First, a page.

What you need to know:
- They face higher monthly loan payments as lenders shorten credit tenures in line with IFRS 9
- IFRS 9 has been adopted to build buffers against unforeseen shocks drawing from lessons during the 2008-9 global financial crisis.
- Micro and small enterprises, the dominant businesses in Kenya, will be hardest hit by the new accounting standard
Bank borrowers face higher monthly loan repayments as lenders shorten credit tenures following the new global accounting standards.
The new accounting standard, among other measures, requires banks to immediately start setting aside cash for the loans they advance to risky borrowers.
This is a departure from the current rule where banks start setting aside cash when a borrower defaults on loan repayment.
Shortening of the loan repayment period is likely to help lenders cut costs of maintaining unsecured facilities, said Barclays Bank CEO Jeremy Awori, following the implementation the stringent conditions in accessing loans when the International Financial Reporting Standard (IFRS) 9 took effect this month.
“With IFRS 9, once you move to where a customer has defaulted, you have to provide for the life of the loan,” Mr Awori said.
Shorter loan tenure
“So if you have got a longer tenure loan, you obviously have to provide more and that’s where we could start seeing a shortening of the tenures of the products which had moved out to 84 or even 96 months for unsecured loans. I expect that to start shortening.”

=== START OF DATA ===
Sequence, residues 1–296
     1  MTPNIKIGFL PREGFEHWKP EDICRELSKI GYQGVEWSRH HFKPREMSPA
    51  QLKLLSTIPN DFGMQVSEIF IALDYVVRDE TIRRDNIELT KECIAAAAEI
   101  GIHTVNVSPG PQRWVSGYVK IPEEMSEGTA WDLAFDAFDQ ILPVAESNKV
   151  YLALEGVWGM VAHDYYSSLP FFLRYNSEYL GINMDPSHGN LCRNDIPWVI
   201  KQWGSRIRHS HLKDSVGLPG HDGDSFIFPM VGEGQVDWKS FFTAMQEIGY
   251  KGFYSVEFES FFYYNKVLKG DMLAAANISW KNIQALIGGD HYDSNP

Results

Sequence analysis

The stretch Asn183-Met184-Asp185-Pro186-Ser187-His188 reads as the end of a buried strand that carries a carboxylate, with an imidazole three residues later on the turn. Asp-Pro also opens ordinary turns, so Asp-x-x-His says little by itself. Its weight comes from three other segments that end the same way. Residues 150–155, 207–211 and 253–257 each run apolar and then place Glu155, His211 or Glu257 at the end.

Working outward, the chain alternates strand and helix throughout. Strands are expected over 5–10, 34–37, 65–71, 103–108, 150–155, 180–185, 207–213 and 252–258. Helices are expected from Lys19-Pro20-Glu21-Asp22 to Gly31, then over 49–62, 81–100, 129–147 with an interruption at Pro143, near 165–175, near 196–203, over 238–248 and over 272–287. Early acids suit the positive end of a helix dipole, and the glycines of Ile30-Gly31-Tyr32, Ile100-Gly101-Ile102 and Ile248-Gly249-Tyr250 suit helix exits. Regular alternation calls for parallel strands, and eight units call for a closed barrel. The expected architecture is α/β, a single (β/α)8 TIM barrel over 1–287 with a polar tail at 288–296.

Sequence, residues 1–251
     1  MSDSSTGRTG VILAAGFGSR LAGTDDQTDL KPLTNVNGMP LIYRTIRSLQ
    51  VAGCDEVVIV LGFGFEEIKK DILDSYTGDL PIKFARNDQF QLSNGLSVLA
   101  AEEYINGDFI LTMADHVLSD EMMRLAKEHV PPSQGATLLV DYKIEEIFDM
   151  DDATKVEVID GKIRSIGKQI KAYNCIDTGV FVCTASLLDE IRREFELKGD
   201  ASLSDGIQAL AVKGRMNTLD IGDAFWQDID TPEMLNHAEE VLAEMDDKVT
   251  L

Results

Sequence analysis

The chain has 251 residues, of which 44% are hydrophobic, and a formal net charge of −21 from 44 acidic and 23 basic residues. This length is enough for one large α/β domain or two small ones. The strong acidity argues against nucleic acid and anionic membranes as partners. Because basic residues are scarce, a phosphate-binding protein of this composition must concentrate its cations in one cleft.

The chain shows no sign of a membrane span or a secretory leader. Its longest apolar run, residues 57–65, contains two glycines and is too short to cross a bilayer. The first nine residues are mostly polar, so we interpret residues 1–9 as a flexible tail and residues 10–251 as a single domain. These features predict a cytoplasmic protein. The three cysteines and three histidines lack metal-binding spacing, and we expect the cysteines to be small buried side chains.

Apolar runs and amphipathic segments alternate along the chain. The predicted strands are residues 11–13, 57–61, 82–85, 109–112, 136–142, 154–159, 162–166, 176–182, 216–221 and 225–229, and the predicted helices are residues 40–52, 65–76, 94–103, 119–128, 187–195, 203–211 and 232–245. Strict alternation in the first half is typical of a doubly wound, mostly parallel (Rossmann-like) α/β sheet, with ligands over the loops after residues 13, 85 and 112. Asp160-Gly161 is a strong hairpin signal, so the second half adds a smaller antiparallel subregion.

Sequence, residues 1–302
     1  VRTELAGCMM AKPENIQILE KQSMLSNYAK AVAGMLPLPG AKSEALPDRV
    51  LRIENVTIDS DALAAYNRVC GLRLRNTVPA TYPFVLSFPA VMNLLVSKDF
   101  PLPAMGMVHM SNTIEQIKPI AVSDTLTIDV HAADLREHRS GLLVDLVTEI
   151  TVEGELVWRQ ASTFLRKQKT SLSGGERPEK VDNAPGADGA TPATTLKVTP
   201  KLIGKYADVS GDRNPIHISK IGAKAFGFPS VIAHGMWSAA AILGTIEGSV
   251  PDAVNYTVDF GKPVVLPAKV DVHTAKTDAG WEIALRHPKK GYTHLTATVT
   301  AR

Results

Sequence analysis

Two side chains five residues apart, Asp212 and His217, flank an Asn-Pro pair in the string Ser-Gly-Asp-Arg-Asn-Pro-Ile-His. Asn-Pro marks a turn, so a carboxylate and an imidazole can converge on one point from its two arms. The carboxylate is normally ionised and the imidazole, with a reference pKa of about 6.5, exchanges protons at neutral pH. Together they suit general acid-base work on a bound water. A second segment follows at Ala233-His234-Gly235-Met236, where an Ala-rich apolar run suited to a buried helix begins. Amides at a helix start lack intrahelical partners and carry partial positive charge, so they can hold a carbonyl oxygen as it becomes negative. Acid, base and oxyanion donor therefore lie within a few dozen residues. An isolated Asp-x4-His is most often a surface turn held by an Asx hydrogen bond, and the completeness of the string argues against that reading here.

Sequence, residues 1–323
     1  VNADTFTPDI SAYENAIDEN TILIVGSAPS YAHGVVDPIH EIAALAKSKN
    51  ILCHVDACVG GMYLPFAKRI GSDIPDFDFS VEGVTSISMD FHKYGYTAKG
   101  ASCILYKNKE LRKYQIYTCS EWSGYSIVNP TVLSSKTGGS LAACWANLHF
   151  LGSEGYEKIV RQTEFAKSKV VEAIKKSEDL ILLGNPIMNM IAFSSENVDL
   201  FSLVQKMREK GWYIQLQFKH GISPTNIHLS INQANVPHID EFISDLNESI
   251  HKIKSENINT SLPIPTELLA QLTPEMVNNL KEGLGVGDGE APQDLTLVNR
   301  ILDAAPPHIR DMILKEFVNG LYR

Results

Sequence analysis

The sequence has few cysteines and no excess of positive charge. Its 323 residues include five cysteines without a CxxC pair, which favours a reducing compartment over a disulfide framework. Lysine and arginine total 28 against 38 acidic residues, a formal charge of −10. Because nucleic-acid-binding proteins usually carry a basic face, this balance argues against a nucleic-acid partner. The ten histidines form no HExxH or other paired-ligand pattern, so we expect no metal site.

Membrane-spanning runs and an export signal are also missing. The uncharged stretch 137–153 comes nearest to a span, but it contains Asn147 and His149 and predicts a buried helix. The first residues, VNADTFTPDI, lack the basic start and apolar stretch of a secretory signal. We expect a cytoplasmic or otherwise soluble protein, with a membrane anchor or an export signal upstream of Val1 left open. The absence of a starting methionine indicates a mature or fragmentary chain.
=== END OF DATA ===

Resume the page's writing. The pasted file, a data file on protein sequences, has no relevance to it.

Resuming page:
Those paying Sh23,268 monthly for a Sh1 million loan of 60 months borrowed at 14 per cent interest will pay Sh34,177 when they take a similar credit with a repayment period of 36 months.
Monthly repayments for a Sh500,000 loan will increase to Sh17,088 from Sh11,634, reflecting an increase of 31 per cent, when subjected to a similar shortening.
IFRS 9 has been adopted to build buffers against unforeseen shocks drawing from lessons during the 2008-9 global financial crisis.
It will replace the International Accounting Standard (IAS) 39 from January 1, although the accounting period for Kenyan banks falls in December 2018.
Micro and small enterprises, the dominant businesses in Kenya, will be hardest hit by the new accounting standard because they are perceived the most risky.
The small businesses have also struggled to access credit since the introduction of legal caps on commercial lending rates in September 2016.
Lenders have responded by cutting credit growth to small and medium-sized businesses, saying the cap takes away their ability to give loans to risky borrowers.
“If you can’t price out for a higher risk due to a longer tenure, you start going short term on the tenure or just put your money in government securities which is risk-free,” Mr Awori said.
Non-performing loans (NPLs) accounted for 10.5 per cent of the industry’s total loan book last September from 9.9 per cent in June, data from the Central Bank of Kenya shows, driven by a softening economy which last year grew at the slowest pace since 2012.
The new international accounting standard also look set to affect bankers’ regulatory capital and shareholder funds.
The shift that requires lenders to shift their loss models from incurred to expected will need banks to increase the provision by between 15—27 per cent, bankers say.